PHP UK Conference 2013

El futuro de los entornos de desarrollo PHP

Jeremy Quinton  · 




Extracto de la transcripción automática del vídeo realizada por YouTube.

okay is this on can you guys hear me I can't pull it around a bit okay so just a bit about me like he said my name's Jeremy Quinton I'm a PHP developer of Indian PHP for about 10 years originally from Cape Town South Africa but I've been living

in London work in London for the past six years I currently work at comic relief on the scalable fundraising platform so just a bit of a shameless plug I thought I'd mention this because it's quite an interesting use case for PHP comic relief I've

got a massive implementation of PHP a lot of it bespoke but they use a lot of Drupal too and in 2011 they raised 108 million pounds for charity so PHP and you know indirectly is actually saving lives because most that money goes to some of the poorest communities

in Africa so it's quite a different use case red nose day is back on the fifteenth of March 2013 and so take a look out for it the night of TV's on BBC one that's really good ok so the feature of the PHP development environment I've broken

this talk up into three distinct posts parts so I basically talk about the past a bit so sort of the problems we've had with the PHP development environment I talked about the present so a present solution to solve some of these problems and then I talked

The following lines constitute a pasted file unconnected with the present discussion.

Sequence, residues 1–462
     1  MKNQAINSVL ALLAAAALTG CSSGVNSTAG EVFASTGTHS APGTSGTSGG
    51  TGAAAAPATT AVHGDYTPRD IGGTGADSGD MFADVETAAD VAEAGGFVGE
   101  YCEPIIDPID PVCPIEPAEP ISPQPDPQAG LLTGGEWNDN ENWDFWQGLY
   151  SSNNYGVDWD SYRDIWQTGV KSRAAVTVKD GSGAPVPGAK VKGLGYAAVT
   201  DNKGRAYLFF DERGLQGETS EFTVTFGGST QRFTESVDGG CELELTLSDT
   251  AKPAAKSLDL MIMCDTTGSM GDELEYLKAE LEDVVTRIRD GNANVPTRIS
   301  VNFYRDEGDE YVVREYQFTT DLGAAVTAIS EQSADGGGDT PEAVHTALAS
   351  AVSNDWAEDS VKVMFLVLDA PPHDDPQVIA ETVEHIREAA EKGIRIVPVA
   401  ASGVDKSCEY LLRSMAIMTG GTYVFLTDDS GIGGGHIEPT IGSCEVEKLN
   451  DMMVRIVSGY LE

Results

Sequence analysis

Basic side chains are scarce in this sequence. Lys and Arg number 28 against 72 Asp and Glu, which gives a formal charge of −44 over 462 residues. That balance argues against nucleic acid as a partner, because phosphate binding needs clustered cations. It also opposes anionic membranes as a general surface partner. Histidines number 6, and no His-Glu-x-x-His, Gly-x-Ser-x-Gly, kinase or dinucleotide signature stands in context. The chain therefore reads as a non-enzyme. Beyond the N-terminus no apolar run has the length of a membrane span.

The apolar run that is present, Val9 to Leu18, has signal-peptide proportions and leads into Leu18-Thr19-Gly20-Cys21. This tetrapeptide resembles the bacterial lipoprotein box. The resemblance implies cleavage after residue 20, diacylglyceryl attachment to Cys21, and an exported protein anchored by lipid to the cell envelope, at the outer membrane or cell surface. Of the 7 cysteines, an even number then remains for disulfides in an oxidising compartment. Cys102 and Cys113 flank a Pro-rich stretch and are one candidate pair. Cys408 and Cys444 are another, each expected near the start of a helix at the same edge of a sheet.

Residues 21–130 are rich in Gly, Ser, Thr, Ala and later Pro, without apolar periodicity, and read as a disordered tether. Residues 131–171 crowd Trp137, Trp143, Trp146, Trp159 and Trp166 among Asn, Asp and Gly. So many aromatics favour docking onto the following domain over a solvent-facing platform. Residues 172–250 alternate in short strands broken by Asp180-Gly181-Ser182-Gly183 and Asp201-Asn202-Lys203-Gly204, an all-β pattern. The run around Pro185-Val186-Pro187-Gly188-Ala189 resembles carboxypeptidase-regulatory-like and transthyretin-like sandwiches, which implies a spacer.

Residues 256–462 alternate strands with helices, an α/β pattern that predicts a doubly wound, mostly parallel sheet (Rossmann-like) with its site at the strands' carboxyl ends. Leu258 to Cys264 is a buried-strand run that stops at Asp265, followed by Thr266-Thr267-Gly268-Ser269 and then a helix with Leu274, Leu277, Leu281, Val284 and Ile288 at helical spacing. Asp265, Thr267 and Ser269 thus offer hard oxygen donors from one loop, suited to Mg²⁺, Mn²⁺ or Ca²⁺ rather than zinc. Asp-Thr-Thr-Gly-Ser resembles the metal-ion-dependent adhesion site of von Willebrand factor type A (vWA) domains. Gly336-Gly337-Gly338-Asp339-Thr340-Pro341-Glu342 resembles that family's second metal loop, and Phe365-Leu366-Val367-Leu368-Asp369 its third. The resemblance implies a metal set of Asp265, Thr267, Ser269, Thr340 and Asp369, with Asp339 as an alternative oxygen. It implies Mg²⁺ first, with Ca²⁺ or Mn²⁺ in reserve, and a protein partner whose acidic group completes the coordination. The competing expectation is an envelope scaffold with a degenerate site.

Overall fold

about the future and where that's going just a warning though the store contains Ruby I did a precursor to this talk at PHP London in December and I got a bit of stick because i was talking at a ph we meet up and you know two of the tools i talked today

about a ruby and to be honest I've never done Ruby commercially or anything like that i concurred in Ruby the only thing I can do is variable assignments and cut and paste which is what I've done but I think we've got to keep an open mind you know

we need to adopt and you know tools and techniques of other languages especially they're going to make our lives easier so let's talk a bit about the past so that literally there is my first development environment really cool monitor but that's

where I started out with PHP and in those days you know the paradigm was install everything locally and the stories for a lot of developers but generally you know the intern you're given a couple of toss and one of my first toss as an intern was you know